When I run this bash script :

if [ [$EUID -ne 0] ]; then
   echo "This script must be run as root" 1>&2 
   exit 1
else 

printf " whathever "

exit 0 
fi

I have this error :

./myScript: 15: [: Illegal number: [

Do you see any problem ?

You have syntax error in your if condition, use this if condition:

if [ "$EUID" -ne 0 ];

OR using [[ and ]]

if [[ "$EUID" -ne 0 ]];
  • Whats the difference between using [ ] and [[ ]] ? – Havenard Oct 25 '13 at 19:32
  • [ is actually an external program as /bin/[ and [[ ]] are new BASH constructs to do test evaluation. – anubhava Oct 25 '13 at 19:35
  • 1
    Using the first, I have this error : [: Illegal number: Using the second, I have this error : [[: not found – 4m1nh4j1 Oct 25 '13 at 19:42
  • 3
    @anubhava: [ is both an external program (also known as test) and a bash built-in command. If you're seeing [[: not found, you're probably not using bash. Is the first line of your script #!/bin/sh, #!/bin/bash, or something else? – Keith Thompson Oct 25 '13 at 19:45
  • 1
    @4m1nh4j1: If this answer helped you solve your problem, please consider marking it as "accepted", so users facing a similar problem in the future will be able to spot it easily. – anubhava Oct 25 '13 at 19:53

two suggestions apart from what everyone else has pointed out already.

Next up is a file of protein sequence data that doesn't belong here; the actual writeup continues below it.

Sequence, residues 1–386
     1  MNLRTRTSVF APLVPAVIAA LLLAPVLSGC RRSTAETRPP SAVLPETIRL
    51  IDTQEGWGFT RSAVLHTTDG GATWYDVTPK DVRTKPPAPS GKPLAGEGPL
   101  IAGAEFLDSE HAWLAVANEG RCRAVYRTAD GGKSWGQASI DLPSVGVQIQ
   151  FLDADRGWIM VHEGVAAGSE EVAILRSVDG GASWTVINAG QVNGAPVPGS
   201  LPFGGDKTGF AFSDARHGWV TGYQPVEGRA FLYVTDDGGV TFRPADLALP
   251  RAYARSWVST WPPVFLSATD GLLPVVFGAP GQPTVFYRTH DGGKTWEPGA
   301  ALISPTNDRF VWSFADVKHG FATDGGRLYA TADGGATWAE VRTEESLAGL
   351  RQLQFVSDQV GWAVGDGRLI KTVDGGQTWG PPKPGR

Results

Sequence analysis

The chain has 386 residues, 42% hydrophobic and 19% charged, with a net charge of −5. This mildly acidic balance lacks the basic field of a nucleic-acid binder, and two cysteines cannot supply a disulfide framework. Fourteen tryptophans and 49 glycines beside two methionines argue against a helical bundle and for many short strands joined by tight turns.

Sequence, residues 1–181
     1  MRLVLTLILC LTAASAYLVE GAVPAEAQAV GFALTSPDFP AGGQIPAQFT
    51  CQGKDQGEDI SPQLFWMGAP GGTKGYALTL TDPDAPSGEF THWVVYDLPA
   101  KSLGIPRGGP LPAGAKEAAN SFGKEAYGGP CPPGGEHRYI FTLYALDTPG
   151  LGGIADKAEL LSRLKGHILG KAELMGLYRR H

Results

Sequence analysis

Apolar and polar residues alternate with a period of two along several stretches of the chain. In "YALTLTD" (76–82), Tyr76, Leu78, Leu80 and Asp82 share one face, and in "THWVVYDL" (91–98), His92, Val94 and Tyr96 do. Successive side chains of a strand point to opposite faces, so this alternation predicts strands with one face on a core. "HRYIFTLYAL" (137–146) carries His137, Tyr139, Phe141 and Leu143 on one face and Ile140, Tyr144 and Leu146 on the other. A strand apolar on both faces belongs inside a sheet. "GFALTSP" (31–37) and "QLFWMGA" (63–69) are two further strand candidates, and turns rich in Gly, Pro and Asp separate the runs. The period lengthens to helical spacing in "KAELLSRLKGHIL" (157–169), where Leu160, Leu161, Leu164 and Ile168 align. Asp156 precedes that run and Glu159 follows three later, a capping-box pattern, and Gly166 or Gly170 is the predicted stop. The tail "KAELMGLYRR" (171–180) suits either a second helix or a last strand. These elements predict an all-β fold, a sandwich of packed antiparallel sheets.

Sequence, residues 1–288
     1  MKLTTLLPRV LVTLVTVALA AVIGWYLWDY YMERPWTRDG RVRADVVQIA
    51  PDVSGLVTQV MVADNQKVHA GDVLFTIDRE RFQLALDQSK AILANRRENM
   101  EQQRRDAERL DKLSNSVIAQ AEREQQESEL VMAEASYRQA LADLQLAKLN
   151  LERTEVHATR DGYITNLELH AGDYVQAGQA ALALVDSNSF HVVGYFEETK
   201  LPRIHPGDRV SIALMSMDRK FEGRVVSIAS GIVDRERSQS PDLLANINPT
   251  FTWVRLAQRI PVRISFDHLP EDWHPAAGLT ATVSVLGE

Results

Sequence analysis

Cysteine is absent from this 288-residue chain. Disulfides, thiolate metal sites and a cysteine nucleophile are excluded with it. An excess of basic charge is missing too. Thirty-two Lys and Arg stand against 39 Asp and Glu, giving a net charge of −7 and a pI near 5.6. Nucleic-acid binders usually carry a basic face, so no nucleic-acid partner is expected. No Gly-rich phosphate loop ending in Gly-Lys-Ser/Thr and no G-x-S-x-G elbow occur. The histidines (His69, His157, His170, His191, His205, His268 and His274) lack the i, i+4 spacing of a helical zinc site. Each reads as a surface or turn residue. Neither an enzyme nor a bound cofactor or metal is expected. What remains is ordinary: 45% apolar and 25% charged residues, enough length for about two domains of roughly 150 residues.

1) rather than doing 'else [bunch of code because we are root] fi', just replace the 'else' with 'fi'. once you've tested for the failure condition you are concerned about and taken appropriate action, no need to continue to be within the body of the conditional.

2) $EUID is a bashism, if you would like to make this portable to shells such as ksh, replacing it with:

if [ $(id -u) -ne 0 ]; then echo "ur not root bro"; exit 1; fi

would be a good way to do it.

You have syntax error in your if condition, use this if condition:

if [ "$EUID" -ne 0 ];

OR using [[ and ]]

if [[ "$EUID" -ne 0 ]];

If you use the KSH88+/Bash 3+ internal instruction [[, it's not necessary to use doubles quotes around the variables operands :

[ ~/test]$ [[ $var2 = "string with spaces" ]] && echo "OK" || echo "KO" 
OK 

Instead of the external command test or his fork [ :

[ ~/test]$ [ $var2 = "string with spaces" ] && echo "OK" || echo "KO" 
bash: [: too many arguments
KO 
[ ~/test]$ [ "$var2" = "string with spaces" ] && echo "OK" || echo "KO" 
OK 

Of course, you also have to choose the operators according to the type of operands :

[ ~/test]$ var1="01" 
[ ~/test]$ [ "$var1" = "1" ] && echo "OK" || echo "KO" 
KO 
[ ~/test]$ [ "$var1" -eq "1" ] && echo "OK" || echo "KO" 
OK 

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